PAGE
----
From 18 to 26 June was held The Gabes Fen Film Festival, an artistic event that celebrates the cinema, visual art and virtual reality of the Arab world. The opportunity also to revitalize the region of southeastern Tunisia, plagued by an ecological disaster.
During nine days, the Tunisian south-east and the city of Gabes have gathered the finest of Tunisian visual art. Directors, artists, video artists, came together to pay tribute to cinema, video art, and virtual reality of Tunisia and beyond. Between film programming, art exhibitions, and virtual reality performances, visitors will be able to freely wander through all that image and sound can offer. The opportunity to bring some cultural fresh air into the city of Gabes, a small seaport once tourist for its seaside oasis, now abandoned by the pollution disaster related to the phosphate industry.
A way to fight against the centralization of arts and culture in the Tunisian capital…
Located on the eponymous cornice of Gabes, this installation of six containers is inspired by a bunker of the Second World War abandoned on the same seafront. Integrated into the “visual art” section of the Gabès Cinema Fen, it seeks to offer a window on contemporary creation from around the world, like the visual experience offered by the first container with a sound installation and its breathtaking view of the coast. Each of the six containers represented houses a unique artistic experience whose immateriality is the guiding thread and history. An experience of the invisible that came to Laurent Montaron, the curator of the exhibition, following a reflection on the work of Melik Ohanian “Invisible Film”, as he explains “I selected works that address the issue of the invisible. The invisible that we are talking about here is not so much the realm of reality as an impossibility of seeing it. This selection poses the materiality of the images as a necessary datum for an experience of the visible world, whose ordeal we are going through allows us to measure its preciousness.”
A way to sharpen one’s eyes, learning to see what we no longer pay attention to and which makes even more sense in a city like Gabes, a forgotten land in the southeast of Tunisia…
In the center of Gabes, Bab Bhar, it’s the Tunisian emerging video art scene that is honored in a dedicated space: K Off. Works that expose the singular universe of 6 young Tunisian artists through a selection proposed by Salma Kossemtini, a real challenge for the young curator “It was very difficult for us to find artists because there are no existing platforms in Tunisia which bring together the young Tunisian creation. I had to contact professors of the school of fine arts, or rely on recommendations from friends. I did a lot of interviews with young artists who are still students or in the process of finalizing their graduation projects.”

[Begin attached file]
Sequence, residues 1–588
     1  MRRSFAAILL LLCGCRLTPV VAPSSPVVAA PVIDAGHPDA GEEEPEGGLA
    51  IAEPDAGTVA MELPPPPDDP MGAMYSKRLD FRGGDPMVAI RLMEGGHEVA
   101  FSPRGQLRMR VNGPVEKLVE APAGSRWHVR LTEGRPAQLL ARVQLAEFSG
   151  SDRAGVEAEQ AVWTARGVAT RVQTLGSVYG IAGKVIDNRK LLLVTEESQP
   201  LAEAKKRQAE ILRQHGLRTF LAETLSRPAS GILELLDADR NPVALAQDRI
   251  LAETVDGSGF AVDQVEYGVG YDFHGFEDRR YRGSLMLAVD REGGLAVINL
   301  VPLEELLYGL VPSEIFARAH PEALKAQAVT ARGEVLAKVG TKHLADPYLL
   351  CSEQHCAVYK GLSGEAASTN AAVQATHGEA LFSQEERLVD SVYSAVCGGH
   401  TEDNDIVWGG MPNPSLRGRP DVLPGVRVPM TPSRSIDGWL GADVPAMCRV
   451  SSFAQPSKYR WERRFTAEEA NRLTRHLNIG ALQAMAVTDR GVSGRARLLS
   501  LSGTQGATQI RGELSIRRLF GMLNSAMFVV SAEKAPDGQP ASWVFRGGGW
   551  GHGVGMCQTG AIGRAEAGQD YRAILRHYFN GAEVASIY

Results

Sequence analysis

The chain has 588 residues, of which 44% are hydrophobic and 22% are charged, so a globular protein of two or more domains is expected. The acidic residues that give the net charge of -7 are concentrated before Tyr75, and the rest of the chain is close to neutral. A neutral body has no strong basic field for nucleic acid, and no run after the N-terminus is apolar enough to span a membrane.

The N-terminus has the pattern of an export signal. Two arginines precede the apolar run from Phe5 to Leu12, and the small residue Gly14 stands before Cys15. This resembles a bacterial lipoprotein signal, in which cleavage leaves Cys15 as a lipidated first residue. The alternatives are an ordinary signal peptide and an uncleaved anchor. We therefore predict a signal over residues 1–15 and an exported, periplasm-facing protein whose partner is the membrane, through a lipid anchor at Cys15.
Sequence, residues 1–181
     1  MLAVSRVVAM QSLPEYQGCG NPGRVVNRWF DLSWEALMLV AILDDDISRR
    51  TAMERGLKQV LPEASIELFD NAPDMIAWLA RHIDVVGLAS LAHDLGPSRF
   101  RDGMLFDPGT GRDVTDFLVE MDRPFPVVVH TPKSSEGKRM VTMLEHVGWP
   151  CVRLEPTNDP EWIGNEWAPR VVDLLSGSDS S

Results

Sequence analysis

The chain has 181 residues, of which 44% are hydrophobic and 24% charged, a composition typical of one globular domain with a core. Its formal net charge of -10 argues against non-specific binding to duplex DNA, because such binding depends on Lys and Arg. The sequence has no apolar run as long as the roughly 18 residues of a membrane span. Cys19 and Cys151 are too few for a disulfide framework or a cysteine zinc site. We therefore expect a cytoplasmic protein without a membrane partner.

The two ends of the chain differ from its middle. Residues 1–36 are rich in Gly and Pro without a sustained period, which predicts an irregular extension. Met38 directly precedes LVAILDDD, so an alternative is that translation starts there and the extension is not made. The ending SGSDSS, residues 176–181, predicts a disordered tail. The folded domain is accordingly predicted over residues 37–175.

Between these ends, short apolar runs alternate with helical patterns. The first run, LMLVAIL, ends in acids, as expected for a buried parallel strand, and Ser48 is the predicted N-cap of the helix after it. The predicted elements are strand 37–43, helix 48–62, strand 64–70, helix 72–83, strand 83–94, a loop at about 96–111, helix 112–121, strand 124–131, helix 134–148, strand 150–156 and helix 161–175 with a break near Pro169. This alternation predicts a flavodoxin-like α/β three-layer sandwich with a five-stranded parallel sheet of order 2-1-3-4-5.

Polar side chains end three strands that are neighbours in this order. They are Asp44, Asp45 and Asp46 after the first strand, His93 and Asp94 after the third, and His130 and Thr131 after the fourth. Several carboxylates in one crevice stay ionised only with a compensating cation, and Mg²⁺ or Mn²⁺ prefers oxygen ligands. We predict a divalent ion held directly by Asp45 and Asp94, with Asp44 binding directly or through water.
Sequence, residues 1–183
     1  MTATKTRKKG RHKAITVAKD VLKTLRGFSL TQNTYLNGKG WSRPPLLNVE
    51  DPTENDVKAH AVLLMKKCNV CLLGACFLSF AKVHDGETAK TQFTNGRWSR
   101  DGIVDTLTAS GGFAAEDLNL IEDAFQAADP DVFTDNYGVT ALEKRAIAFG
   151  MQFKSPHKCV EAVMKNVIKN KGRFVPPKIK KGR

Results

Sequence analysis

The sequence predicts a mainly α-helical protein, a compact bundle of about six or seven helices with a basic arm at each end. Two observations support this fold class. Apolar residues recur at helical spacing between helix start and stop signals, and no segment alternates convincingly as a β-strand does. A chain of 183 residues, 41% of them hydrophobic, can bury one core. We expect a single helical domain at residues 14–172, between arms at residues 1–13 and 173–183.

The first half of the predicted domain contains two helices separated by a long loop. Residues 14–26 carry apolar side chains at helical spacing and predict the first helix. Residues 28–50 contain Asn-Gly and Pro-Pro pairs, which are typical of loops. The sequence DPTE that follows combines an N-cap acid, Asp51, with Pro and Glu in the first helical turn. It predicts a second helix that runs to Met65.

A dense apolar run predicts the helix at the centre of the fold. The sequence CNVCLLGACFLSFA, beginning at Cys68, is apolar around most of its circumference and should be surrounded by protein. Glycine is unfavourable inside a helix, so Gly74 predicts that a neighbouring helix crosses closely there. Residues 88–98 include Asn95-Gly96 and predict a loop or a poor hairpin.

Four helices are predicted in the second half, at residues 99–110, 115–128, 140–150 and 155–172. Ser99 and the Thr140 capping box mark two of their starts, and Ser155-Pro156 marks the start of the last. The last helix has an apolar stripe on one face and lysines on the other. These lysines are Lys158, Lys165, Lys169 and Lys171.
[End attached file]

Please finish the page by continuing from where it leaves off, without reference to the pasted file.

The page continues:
Some artists, mostly self-taught, were finely chosen for their vision on the Tunisian video scene, but also for their way of working with images in motion. Among them, the Tunisian hip hop group Toxic Club.
Formerly the place of Ben Ali’s unique party and symbol of police repression under the former regime, this building was burned during the Tunisian revolution of 2011. It is now the exhibition and reflection space of the Tunisian artist Intissar Belhaid and the German photographer Moritz Hagedorn. Plunged into the darkness of this historical building, the visitor creates his own path through the exhibition, choosing to highlight its different fragments, between light and shadow. Intissar Bélaid focuses on collective and individual memory and works on the construction of a collective future. German artist Moritz Hagedorn uses his photographic work to research and experiment. The two talents have combined their work to propose a social and anthropological investigation, on the traces that a civilization should leave in order to allow future generations to create an accurate idea of their ancestors’ past, as Intissar explains “For us, it was important to do something with this building full of history, and ten years after the revolution, we saw it as an opportunity to make this history and these memories dialogue with the public”, explains Intissar. Through photographs, videos, and tools that Intissar has collected on Tunisian beaches, the artist duo questions the embodiment of places and people, the role of the individual, and the place of man in existence and in the universe.